News from Ceylon: 1942

The letter from Ceylon

TEXT AND PHOTOS BY AMIT PALLATH
Thrissur, Kerala, India

The plantations in Ceylon (now Sri Lanka) were cultivated by the British using Indian hands.
 During the early 20th century, employment opportunities were abundant for south Indians. They were instrumental in the establishment of the tea, rubber, coffee and coconut
 plantations in the 
island nation. 

My grandfather, or achachan, as he is fondly referred to by the family in Malayalam, joined this influx of migrant workers in his early twenties. He 
stayed and worked in Ceylon for almost 7-8 years sending money back home to support his family. This letter, written on 28 October, 1942 details him asking his relatives in Thrissur, Kerala about the happenings and whereabouts of his 
brethren. At that time, letters took over a week to reach his hometown and communication 
was nowhere as frequent as in today’s day and age.

My nani (maternal grandmother) passed away recently and the entire family visited our native village in Thrissur for the final rites. It was a
 rare occasion when all of us were present. My chechi-amma (mother’s sister) had safely preserved our family’s photographs for all these years and she showed them to us then. Wanting to make digital copies of them, I was rummaging through the pile and chanced upon this old letter. The four sheets
 of paper were safely preserved in a transparent plastic folder.
 The letter, written before achachan was married, speaks mainly of family matters and describes his life in erstwhile Ceylon. It is addressed to my grandfather’s brother-in- law’s elder brother who was an authority in the town 
back home and a caretaker of the family.

The letter also highlights the struggles and hardship felt during the British rule. “Food is rationed and I receive 3 naazhi a week.” Naazhi is the smallest of the measuring vessels associated with the rice-paddy system  in Kerala. 1 Naazhi  is around 200 grams. He has also asked whether his brother has received the 55 rupiah money order he had sent to buy some land back home. Achachan was surviving on a meagre salary of 150 rupiah for 5 months and was requesting his elders to not send any new kids to work there. He specifically mentions “don’t send his relative Govindankutty as he himself  is surviving on only one meal a day”. The header contains his name, V.M. Damodaran and his contact address, 1/64 Captain’s Garden, Colombo. It also has ‘Vandematharam’ printed on it.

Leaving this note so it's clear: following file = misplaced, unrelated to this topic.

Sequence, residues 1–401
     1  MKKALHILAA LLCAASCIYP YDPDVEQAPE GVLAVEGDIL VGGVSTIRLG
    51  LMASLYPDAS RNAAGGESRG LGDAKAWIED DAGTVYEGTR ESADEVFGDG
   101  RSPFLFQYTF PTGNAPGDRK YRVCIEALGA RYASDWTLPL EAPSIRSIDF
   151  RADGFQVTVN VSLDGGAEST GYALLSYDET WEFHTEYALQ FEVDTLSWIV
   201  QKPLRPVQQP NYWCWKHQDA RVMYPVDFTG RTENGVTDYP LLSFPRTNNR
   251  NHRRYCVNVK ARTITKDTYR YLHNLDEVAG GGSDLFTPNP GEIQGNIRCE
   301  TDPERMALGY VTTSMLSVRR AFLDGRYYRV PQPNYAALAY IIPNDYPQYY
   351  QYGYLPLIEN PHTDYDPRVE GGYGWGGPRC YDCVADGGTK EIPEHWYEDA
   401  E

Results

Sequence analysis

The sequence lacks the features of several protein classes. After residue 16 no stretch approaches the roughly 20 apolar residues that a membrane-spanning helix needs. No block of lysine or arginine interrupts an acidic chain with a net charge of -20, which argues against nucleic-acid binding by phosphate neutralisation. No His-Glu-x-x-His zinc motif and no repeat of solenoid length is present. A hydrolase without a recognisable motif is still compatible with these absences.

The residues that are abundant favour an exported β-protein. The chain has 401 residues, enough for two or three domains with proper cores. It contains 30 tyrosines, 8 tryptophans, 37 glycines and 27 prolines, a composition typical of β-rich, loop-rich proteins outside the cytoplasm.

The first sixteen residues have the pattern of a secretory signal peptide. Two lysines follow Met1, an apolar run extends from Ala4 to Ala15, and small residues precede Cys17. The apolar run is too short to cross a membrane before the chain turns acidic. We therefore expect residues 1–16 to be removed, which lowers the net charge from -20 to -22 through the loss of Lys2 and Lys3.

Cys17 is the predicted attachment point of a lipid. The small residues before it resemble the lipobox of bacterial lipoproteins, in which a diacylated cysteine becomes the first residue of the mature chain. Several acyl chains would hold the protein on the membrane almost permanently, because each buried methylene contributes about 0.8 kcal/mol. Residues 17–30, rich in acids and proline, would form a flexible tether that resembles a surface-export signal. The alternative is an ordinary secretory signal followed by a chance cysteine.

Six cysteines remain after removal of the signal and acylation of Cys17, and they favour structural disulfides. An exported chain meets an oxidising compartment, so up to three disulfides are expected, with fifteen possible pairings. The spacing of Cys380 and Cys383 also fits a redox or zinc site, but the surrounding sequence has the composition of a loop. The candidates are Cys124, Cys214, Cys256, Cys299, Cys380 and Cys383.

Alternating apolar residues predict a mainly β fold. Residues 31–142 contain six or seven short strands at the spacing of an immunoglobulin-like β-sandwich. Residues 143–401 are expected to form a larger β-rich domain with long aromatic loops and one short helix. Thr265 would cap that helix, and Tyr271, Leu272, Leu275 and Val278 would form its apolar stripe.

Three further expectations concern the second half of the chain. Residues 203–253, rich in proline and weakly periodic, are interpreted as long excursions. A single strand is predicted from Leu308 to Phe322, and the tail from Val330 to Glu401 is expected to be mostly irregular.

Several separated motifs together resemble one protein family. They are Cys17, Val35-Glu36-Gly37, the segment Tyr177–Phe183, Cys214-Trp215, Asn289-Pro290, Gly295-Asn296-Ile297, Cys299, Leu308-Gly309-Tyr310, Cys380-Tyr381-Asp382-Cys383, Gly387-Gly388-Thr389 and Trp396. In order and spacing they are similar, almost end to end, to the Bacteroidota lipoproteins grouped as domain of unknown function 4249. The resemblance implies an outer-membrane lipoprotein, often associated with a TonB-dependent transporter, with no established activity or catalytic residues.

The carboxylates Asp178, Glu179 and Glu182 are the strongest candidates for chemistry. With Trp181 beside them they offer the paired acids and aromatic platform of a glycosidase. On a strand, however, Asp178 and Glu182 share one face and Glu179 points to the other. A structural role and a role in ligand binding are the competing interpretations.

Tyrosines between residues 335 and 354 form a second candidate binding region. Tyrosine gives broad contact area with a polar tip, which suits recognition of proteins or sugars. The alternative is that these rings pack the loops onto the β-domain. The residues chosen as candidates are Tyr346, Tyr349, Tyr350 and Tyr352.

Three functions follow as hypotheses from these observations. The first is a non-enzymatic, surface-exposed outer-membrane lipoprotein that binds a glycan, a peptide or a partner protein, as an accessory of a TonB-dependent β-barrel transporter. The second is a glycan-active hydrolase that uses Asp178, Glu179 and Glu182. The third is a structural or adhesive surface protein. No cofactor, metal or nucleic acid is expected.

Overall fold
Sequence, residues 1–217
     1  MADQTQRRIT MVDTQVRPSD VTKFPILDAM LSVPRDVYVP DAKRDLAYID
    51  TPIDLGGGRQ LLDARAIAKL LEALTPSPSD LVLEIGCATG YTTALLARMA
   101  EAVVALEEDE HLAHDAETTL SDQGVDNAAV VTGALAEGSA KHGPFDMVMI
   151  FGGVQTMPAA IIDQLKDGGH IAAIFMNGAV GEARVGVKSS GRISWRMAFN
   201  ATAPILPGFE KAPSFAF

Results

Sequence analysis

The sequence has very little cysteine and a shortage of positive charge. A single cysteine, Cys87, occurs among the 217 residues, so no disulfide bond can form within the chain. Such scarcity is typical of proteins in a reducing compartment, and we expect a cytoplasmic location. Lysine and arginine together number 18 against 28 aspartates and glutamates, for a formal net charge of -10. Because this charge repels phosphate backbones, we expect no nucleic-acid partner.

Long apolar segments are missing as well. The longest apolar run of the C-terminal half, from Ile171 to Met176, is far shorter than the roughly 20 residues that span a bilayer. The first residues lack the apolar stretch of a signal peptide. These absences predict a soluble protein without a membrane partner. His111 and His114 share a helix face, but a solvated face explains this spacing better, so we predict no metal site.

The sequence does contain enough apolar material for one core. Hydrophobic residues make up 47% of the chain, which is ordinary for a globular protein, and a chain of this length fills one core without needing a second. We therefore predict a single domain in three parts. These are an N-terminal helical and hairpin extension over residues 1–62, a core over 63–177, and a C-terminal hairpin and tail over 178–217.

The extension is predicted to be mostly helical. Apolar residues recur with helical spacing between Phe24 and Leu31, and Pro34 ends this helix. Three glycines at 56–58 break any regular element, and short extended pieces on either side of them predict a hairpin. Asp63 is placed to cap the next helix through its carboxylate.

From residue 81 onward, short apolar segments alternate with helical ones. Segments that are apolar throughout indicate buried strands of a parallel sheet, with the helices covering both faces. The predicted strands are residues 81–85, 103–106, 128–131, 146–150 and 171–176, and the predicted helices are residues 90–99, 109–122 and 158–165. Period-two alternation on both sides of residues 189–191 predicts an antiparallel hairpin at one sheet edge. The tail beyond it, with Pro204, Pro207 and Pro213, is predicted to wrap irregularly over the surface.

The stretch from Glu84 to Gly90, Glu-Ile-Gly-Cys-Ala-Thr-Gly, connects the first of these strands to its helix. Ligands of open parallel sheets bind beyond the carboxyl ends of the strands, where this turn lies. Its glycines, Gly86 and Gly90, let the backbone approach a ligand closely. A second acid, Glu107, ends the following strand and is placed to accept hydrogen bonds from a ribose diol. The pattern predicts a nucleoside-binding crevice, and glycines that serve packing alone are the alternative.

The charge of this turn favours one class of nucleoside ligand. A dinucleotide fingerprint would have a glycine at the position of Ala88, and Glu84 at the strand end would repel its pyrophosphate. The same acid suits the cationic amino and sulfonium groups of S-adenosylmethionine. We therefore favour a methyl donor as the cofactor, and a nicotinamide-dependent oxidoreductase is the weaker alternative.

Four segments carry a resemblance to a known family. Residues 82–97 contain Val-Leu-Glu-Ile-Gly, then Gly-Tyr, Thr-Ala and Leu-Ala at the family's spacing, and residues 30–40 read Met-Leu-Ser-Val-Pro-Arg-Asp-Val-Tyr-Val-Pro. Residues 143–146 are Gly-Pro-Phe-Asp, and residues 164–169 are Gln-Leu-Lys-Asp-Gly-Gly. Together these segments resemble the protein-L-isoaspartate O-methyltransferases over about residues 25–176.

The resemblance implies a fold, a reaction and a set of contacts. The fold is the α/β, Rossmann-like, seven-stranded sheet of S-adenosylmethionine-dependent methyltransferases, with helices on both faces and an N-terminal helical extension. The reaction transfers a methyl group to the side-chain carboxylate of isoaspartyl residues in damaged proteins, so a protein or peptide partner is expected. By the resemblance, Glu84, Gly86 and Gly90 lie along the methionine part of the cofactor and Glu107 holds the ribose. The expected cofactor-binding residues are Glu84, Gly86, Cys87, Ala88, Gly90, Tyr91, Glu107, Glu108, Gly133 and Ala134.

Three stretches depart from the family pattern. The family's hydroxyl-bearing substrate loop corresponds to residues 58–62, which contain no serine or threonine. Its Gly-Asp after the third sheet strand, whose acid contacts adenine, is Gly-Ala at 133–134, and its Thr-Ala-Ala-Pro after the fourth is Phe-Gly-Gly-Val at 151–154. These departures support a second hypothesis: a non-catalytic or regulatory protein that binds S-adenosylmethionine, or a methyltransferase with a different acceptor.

Around the time when Nehru was heralding an independent India with his Tryst with Destiny speech, my achachan was awaiting the return of his elder brother from Kuwait. It was very
 common for the male members in the family to go abroad or to other states to earn a livelihood.
 The two brothers would be meeting after a long time. Unfortunately, the ship from Iraq got delayed. As the final call for my grandfather’s ship to Ceylon was being announced, he decided against joining his 
colleagues. He would rather have the warm embrace of his brother. This led to him quitting his
 job at the plantation and staying back in Kerala.

Achachan brought up a family of nine children which included six daughters. The women of the family remember him as a person quite ahead of his time, as my grandfather was very insistent on getting
 his daughters the best education and making them financially independent. I am referring to 
the 1950s here when the social climate wasn’t exactly conducive to his thought process.
 But thankfully, his strong work ethic passed on to his progeny and ensured they became doctor, engineers and
 teachers.

Achachan with his children at his youngest son's wedding in 1996.
Achachan with his children at his youngest son’s wedding in 1996.

An atheist and a Gandhian, who had his own set of morals and way of life, achachan wholeheartedly accepted an inter-faith marriage in his family. He paved the way for the future
 generations and was always the bulwark of the family. Even at the ripe old age of 87, I remember him 
tending to his paramb (field) and keeping things in order. Before the first rays of the sun hit the 
field or the morning rooster welcomes the day, he would be on his feet carrying his kaikottu 
(spade) to get to work. This is how he started his day, by offering prayers to the soil which 
gave him his livelihood. His God resided in his paramb.

When I came across the letter it felt like I was holding a piece of history. A fragment from a bygone era, a time before any of the living members of 
my family were even born. My cousins and I have made a concerted effort to make a digital copy of all the old photographs as I don’t
 want them to be lost with the older generation. I want such pieces of history to get recorded somewhere and I hope this is just the beginning.

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